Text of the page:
About Dr. Reichel
Dr. Jennifer Reichel is the founder and director of Pacific Dermatology & Cosmetic Center in Seattle. As a board certified dermatologist, Dr. Reichel has advanced fellowship training in Mohs micrographic skin cancer surgery, liposuction, facial rejuvenation, eyelid lifts, BOTOX®, tissue fillers and lasers. Dr. Reichel is also fully trained in leg vein treatment.
After attending the University of Colorado for both her undergraduate degree and her doctorate of medicine, she then underwent residency training in dermatology at the University of Washington. This was followed by a postgraduate fellowship in Mohs micrographic skin cancer surgery and cosmetic surgery.
Dr. Reichel is a fellow of the American Academy of Dermatology (AAD), the American Society for Dermatologic Surgery (ASDS), The American College of Mohs Surgery (ACMS), the American Society for Laser Medicine and Surgery (ASLMS), the Women’s Dermatologic Society (WDS), and the Seattle and Washington Dermatologic Societies.
Pacific Dermatology & Cosmetic Center can be reached at 206-859-5777 or https://www.pacificdermcenter.com/
Hi “Mansome”? A New Documentary Highlights the Explosion of Men’s Grooming Market
Jason Bateman (Arrested Development) and Will Arnett (30 Rock) have teamed up in a new documentary called “Mansome” which explores the funny world of men's grooming. But men’s grooming is actually no joke. Major brands are rolling out “for men only” products and creating “dedicated men sections” in their stores to capitalize on this growing market.
Male skincare in particular has become one of the beauty industry's fastest-growing sectors as more men accept the fact that it’s ok to have a grooming routine. According to market research firm NPD Group, about 1 in 4 men use some sort of facial skin-care product - facial wash, moisturizer, lip balm or eye cream.
Cleansing and moisturizing are an important first step but in our practice we are seeing a growing trend among our male patients for anti-aging solutions – award-winning serums from Skinceuticals, wrinkle-relaxers such as Botox & Dysport, and long lasting fillers such as Restylane, Perlane & Radiesse - all to address those unwanted fine lines and wrinkles. And these patients range in age - younger male professionals looking to get a head start on the aging process to more mature males who want to re-evaluate their grooming habits now that they have started to experience the signs of aging – grey hair, hair loss, and wrinkles.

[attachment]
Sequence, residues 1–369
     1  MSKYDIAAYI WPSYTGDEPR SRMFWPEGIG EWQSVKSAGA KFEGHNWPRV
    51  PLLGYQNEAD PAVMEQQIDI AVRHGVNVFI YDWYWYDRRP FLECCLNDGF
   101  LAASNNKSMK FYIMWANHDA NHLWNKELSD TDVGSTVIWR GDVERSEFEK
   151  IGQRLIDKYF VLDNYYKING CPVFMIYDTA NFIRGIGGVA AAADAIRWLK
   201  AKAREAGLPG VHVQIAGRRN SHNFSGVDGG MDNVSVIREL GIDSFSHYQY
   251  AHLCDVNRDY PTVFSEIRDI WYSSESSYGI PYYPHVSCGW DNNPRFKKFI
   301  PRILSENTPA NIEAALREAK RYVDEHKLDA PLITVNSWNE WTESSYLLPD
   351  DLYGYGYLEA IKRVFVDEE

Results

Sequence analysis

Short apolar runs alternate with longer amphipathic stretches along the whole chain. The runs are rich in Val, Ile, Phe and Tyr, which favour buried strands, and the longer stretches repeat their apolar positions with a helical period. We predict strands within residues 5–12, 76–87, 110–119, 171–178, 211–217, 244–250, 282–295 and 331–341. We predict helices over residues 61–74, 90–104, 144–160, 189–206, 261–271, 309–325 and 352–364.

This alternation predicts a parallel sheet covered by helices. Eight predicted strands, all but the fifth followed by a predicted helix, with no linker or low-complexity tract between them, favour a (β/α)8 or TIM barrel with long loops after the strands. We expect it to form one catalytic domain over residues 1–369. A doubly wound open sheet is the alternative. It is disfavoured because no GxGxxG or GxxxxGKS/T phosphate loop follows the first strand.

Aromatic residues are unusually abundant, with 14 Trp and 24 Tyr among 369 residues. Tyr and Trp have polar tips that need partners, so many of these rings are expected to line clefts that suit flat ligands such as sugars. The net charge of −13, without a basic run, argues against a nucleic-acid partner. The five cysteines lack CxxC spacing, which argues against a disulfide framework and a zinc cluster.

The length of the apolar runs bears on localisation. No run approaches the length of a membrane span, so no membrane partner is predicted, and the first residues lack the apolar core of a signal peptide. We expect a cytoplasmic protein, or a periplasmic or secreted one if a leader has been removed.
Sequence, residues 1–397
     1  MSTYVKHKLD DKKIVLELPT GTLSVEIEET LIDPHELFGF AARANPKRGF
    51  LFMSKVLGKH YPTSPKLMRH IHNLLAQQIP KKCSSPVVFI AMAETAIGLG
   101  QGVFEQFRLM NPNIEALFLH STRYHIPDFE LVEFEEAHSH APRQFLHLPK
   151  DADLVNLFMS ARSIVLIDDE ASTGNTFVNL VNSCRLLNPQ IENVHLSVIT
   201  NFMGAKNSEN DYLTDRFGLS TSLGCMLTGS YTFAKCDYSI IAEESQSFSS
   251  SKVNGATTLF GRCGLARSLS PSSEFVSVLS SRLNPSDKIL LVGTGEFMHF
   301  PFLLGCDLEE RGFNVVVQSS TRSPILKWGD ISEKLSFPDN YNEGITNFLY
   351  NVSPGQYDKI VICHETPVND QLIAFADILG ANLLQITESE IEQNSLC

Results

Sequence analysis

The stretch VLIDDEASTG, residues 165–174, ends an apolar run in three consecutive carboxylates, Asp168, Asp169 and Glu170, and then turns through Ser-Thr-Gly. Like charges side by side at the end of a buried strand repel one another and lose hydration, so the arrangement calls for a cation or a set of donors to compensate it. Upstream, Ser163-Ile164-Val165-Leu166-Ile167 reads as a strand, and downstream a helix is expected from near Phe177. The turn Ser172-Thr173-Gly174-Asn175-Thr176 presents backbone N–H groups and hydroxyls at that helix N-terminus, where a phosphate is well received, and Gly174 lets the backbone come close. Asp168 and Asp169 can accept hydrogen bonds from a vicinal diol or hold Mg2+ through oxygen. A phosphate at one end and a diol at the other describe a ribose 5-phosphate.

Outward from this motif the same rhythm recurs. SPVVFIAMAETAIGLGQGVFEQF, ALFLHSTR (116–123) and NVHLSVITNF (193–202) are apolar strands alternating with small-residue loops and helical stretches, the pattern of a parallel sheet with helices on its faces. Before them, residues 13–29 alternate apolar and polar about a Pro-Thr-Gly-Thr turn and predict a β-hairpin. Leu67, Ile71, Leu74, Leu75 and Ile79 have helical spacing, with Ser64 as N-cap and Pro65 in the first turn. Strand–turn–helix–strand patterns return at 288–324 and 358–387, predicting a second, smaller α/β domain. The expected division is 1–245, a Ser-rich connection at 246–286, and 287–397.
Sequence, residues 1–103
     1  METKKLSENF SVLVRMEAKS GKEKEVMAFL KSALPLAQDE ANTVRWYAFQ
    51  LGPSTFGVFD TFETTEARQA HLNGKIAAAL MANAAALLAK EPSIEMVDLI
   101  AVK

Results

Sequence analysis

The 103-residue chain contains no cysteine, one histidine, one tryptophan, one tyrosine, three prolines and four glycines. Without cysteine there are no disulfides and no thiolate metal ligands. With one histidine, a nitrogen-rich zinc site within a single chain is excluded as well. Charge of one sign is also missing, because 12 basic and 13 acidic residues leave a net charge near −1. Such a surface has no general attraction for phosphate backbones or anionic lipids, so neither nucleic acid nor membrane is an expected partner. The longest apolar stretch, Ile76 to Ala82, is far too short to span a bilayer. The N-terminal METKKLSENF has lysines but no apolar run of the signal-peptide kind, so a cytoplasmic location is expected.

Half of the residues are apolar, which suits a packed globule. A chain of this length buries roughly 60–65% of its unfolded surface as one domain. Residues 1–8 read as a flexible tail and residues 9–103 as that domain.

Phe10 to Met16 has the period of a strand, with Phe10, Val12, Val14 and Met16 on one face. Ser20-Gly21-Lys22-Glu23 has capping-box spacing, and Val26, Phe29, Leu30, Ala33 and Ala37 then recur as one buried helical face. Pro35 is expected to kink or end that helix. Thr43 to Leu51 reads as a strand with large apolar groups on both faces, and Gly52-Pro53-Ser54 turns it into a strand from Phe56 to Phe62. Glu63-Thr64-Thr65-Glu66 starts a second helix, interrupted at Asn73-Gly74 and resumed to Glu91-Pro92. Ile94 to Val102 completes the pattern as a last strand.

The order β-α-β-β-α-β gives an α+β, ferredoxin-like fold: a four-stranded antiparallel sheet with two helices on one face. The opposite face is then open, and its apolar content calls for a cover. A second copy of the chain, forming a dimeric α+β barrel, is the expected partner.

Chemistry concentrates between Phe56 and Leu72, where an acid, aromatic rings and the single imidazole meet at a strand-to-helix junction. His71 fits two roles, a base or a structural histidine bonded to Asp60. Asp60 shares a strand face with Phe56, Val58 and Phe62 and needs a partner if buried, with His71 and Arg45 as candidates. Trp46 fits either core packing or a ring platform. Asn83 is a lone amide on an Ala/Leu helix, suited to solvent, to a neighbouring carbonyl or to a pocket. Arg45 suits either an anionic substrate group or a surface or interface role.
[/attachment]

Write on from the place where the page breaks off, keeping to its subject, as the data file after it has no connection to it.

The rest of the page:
With summer upon us, it’s a great time to take the plunge. Not sure where to start?
Give us a call at (206) 859-5777 and one of our experienced physicians can walk you through all the options. And remember Father’s Day is June 17th – a gift certificate is a great option for the husband, father or brother who may need a little motivation to get started.
WASHINGTON — The U.S. Environmental Protection Agency and L’Oréal said Monday they will collaborate on a $1.2 million research project funded by the cosmetic giant that is aimed at testing 20 chemicals critical in manufacturing cosmetic products in order to create alternatives to traditional animal-based toxicity tests.
The new research project, unveiled at a news conference at the annual Society of Toxicology meeting in San Francisco, follows an initial smaller collaboration the EPA did with L’Oréal in 2007 and is directed at the potential impact chemicals have on processes in the human body that lead to adverse health effects, said Jared Blumenfeld, EPA administrator for the Pacific Southwest.
Blumenfeld said the EPA has to date tested 1,000 of the 80,0000 chemicals produced worldwide.